In the caliphate and beyond two cases

The Church of the East and its missions The Church of the East was chiefly established in Upper and Middle Mesopotamia, and it was there that it was also able to offer the most effective resistance to Islam.28 The East Syrians were upholders of the ancient medical tradition of Gundeshapur and served numerous caliphs as physicians. This essential role played by the East Syrians at the courts of the caliphs was one of the reasons for the privileged position enjoyed by their catholicoi. Under the first Umayyads, the East Syrians were able to found several new monasteries, an exceptional accomplishment for other Christian communities. The size of the East Syrian population in the Baghdad region, where the Abbasids established their new capital, as well as their importance in the social life of the city, conferred on them an influential position in the new administration and enabled Catholicos Timothy I to transfer the seat of the catholicosate to the capital. As a result the East Syrian catholicoi, the only Christian prelates allowed to reside in Baghdad, often functioned as general representatives at the court of the caliphs for all the Christian communities.29

28 Baum, "Zeitalter der Araber," 43-74.

29 Fiey Chretiens syriaques.

For several centuries following the Arab conquest, Gundeshapur, Nisibis, and Merv continued as intellectual centers of the Church of the East, where a notable and varied literature was produced. Inheritors of the exegetical school of Antioch, the East Syrians bequeathed to posterity important exegetical works, among which a particular place is occupied by the biblical commentary of Isu'dad of Merv. The writings of Isaac of Nineveh (second half of the seventh century), a hermit in the Khuzistan mountains, were to cross the confessional frontiers and to be translated into Greek, Georgian, Ge'ez, and Slavonic. The works of John of Dalyatha (mid-eighth century), a monk of the Qardu mountains, were popular not only among East Syrians, but also among the Syriac, Coptic, and Ethiopian miaphysites despite their author havingbeen accused of Sabellianism and Messalianism.

Three features of the Church of the East conditioned the dynamism of its missions: its internal life was not bound to any state structure and its members were used to living among non-Christians, while its theology was the least formulaic and the most flexible of the Christian confessions. Between the fourth and seventh centuries, the East Syrians spread Christianity southeastward, to Arabia, Socotra, the Maldive Islands, India, Ceylon, and Malaysia, and northeastward, to Bactria, Sogdia, Choresmia, and Turkestan, by the eighth century reaching as far as Tibet, Lake Balkash, and, by the eleventh century, Lake Baikal. This missionary activity was supported by the translation of numerous texts into Pahlavi, Sogdian, and Turkic languages. In 635 the missionaries of Catholicos Ko'yahb II reached China where two metropolitan sees were established. Catholicos Saliba (714-28) appointed metropolitans for Media, SIstan, and Sogdiana, and Catholicos Timothy I for the southern Caspian provinces, Makran, Tibet, China, and eastern Turkestan. In China, the Imperial Edict of 638 allowed the preaching of the "Persian religion," that is, Christianity.30 By the turn of the millennium more than five hundred writings had been translated from Syriac and Sogdian into Chinese. Nevertheless, Christianity was never able to achieve in the Far East the success of Manicheism or Zoroastrianism. Chinese persecutions against monks of all foreign religions began in 843-45. Without exterior support, foreign religions in China and Tibet were bound to decline, yet the eastern dyophysite communities survived in the steppes of western China under Tibetan domination, reemerging in the late tenth century under the Liao dynasty.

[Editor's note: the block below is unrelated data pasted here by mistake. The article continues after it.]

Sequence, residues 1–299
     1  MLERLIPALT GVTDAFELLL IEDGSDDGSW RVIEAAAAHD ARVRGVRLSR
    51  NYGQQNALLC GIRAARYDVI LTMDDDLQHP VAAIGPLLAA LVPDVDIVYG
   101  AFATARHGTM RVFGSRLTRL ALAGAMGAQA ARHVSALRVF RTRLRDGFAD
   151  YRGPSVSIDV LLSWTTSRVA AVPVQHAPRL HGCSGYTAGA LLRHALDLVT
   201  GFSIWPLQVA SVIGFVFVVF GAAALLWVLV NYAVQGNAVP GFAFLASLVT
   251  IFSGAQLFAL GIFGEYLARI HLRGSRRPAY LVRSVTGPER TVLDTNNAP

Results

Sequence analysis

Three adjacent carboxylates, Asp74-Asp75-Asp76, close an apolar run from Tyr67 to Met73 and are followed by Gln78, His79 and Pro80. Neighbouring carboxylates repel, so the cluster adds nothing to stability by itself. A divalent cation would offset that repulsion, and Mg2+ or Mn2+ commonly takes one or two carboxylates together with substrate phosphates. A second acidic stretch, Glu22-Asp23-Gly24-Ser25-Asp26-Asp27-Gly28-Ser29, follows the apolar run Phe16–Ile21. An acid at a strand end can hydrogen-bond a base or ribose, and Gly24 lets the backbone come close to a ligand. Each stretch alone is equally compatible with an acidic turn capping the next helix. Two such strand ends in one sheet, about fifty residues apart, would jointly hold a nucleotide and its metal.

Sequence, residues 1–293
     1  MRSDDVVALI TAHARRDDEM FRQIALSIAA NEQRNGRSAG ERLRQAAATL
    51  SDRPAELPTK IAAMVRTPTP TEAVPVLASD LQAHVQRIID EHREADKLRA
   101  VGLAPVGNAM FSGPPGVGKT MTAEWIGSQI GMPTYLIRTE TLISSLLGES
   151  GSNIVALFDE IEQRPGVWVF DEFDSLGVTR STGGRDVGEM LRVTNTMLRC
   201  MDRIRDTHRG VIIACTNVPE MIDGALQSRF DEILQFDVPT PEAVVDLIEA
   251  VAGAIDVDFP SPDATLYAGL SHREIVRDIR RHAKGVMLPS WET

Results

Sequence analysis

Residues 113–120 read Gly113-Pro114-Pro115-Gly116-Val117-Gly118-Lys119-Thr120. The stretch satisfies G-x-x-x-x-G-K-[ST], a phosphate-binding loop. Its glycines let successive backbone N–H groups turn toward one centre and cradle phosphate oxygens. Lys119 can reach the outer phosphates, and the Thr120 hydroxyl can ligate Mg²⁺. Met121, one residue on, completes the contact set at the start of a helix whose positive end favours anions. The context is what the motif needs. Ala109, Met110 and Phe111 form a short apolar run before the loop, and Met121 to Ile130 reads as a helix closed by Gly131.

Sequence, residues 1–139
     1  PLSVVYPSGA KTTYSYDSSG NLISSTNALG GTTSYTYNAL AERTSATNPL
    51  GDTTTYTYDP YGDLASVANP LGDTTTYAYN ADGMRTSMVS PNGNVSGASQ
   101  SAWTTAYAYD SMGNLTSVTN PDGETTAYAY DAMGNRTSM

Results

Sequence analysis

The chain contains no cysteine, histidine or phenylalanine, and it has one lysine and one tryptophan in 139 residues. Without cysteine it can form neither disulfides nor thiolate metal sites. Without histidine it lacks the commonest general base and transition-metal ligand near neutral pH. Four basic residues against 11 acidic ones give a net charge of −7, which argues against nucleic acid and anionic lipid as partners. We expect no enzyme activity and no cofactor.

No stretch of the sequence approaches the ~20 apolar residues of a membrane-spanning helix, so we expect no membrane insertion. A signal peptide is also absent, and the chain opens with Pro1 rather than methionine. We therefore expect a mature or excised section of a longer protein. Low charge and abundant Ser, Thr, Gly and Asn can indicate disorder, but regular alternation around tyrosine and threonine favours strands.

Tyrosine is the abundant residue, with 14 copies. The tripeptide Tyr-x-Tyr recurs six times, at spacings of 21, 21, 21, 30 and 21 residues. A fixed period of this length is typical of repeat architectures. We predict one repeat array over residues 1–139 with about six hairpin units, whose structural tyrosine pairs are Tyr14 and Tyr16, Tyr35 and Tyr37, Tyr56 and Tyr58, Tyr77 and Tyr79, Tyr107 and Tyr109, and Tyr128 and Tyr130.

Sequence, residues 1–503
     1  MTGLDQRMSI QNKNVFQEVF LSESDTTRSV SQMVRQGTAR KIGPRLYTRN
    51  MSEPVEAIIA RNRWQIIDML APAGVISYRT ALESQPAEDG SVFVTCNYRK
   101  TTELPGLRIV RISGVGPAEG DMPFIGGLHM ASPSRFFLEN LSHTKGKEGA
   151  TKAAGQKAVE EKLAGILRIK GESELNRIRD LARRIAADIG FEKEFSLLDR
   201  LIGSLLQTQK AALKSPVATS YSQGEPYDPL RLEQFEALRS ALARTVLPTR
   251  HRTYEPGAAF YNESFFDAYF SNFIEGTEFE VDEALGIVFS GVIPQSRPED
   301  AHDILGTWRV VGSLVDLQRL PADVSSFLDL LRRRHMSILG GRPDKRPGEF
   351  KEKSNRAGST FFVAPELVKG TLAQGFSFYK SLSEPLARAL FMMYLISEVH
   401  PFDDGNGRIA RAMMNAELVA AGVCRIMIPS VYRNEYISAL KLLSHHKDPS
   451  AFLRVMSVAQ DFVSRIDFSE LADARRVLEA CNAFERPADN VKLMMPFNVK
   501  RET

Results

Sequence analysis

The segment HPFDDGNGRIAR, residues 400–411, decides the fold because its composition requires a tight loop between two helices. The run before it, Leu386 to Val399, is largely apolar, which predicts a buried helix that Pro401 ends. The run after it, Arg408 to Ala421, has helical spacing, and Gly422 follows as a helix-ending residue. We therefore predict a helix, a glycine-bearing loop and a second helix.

30 Riboud, "Tang."

The churches of Transcaucasia Although the first Arab invasions into Armenia began in 640, and in 693 direct control over Transcaucasia was established, the countries ofthis region maintained considerable autonomy until c. 699-701, when the province of Arminiya was created, incorporating Armenia, eastern Georgia, and Aiuank1 into the caliphate. Thereafter the Arabs attempted several times to suppress the traditional Armenian aristocracy, yet they never succeeded in creating a coordinated administrative system in the area. Georgia, on account of its remote position, was generally spared the repression that was to befall Armenia. The caliphate failed to achieve firm control beyond the Kura, and this allowed Georgia to continue the Christianization of the isolated mountainous regions of the Great Caucasus where Christianity had been unknown until the seventh century.31

The Armenian and Georgian princes had never completely lost their political importance, and in the first half of the ninth century, when the power of Baghdad began to weaken, they were able to restore the semi-autonomous principalities which, in the course of several decades, acquired ever greater independence. In 885 the caliphate recognized the royal title of the Armenian Bagratide Prince Asot and in 888, ofthe Georgian Bagratide Prince Adarnarseh. The Transcaucasian princes promoted cenobitic monastic foundations on their estates by offering them protection and generous gifts.32 The Armenian and Georgian monasteries attracted the population of the surrounding regions, becoming nuclei for the repopulation of deserted territories, and for economic development and learning. The erudite Anania of Narek (tenth century) worked in the monastic school of Narek close to the southern shore of Lake Van, as did his disciple, the poet Gregory of Narek (c. 945-1010), whose Book of Lamentations has left a particularly profound stamp on Armenian spirituality.

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